In their years fronting London-based bluesy rock quintet Never the Bride, singer Nikki Lamborn and keyboardist-guitarist Catherine “Been” Feeney have done about every gig imaginable. Clubs, pubs, biker festivals, weddings, bar mitzvahs and the occasional funeral.
One inevitable performance, in particular, is unsettling even for them.
“We have a friend who’s dying of AIDS at the moment,” Lamborn said recently, “and he’s actually booked us for his funeral already.” Said Feeney: “He’s planning for us to put a video together. He’s a bit of a character, and he sings too and he wants to open this video singing, ‘It’s my party and I can die if I want to.’ It’s a celebration of his life, really.”
Yes, it sounds maudlin, but Feeney said doing something for an ailing friend “makes you feel closer to them, that you’ve helped them cope with their death.”
Never the Bride’s the-show-must-go-on attitude has served them well, leading to a deal with Atlantic Records and a confident, self-titled debut album (due July 11). Success finally tapped them on the shoulder when a longtime fan became an artist & repertoire representative for a management company and all along had grand plans for them.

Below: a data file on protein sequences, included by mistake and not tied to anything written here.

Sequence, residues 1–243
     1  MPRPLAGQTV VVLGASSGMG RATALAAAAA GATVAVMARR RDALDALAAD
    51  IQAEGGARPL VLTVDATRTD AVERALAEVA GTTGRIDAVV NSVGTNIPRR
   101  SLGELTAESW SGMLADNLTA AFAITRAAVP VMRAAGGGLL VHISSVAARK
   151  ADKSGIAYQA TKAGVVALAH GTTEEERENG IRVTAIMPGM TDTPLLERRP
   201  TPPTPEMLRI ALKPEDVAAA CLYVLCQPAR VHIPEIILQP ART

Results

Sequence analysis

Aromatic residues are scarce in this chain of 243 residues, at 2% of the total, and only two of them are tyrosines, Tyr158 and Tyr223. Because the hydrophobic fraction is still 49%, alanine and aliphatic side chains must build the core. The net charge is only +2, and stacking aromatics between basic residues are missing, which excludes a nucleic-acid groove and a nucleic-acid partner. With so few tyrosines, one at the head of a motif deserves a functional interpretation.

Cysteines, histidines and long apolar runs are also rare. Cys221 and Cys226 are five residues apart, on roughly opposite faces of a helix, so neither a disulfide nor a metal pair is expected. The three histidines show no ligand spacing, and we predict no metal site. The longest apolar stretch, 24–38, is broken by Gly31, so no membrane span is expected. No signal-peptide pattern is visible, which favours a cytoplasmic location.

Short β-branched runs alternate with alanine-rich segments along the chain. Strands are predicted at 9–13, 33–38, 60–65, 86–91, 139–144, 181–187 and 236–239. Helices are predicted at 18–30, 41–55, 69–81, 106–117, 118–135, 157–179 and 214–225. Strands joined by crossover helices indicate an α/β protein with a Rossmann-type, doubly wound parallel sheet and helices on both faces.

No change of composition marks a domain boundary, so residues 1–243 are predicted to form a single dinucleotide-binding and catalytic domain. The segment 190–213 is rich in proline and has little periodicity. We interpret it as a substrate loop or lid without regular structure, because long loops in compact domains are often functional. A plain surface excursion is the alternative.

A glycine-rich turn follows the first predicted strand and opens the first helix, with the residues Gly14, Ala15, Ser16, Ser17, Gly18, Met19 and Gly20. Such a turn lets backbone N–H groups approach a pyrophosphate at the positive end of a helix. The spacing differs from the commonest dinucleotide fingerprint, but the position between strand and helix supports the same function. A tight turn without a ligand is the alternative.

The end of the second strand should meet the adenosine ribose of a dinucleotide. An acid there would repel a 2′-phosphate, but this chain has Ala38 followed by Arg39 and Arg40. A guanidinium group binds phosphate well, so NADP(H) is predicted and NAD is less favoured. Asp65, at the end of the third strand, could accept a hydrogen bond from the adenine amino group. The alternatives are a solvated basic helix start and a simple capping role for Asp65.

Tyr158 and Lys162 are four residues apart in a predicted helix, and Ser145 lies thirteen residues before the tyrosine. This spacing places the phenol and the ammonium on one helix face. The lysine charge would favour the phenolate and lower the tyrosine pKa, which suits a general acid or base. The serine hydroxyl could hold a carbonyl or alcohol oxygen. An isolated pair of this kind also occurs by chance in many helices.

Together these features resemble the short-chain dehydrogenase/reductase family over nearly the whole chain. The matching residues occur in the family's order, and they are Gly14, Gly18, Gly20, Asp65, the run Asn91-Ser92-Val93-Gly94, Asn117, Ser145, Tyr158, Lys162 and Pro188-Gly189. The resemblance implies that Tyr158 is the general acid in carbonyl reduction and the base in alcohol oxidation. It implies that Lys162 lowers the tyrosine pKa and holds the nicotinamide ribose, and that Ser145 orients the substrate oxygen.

“He used to come to our shows over the course of about three years,” Feeney said, “and we didn’t think anything of it. We just thought he was a fan.
“Then about a year and a half ago, he came up to us in a club and said, ‘Did you ever get a deal?’ And we said no. He was so excited. He asked us for a tape, which we were happy to give him. Two days later, his boss – now our present manager – came to see us and loved us. Then he went to America with another of his bands and brought our tape along. Within about two weeks, he had gotten us a deal with Atlantic.
“After eight years, we might be an overnight success, just like that.”
Never the Bride first appeared on “Enconium,” the Led Zeppelin tribute album, doing a cover of “Going to California.” Their debut album was produced by Ron Nevison (Heart, The Who, Starship), but Lamborn and Feeney said they were involved in every aspect of the production.
“We had so many songs and we basically wanted to run with them,” Feeney said. “We put what we do best on to a record.”
BWF (before we forget): Here comes Never the Bride on the Web @ www.neverthebride.com.
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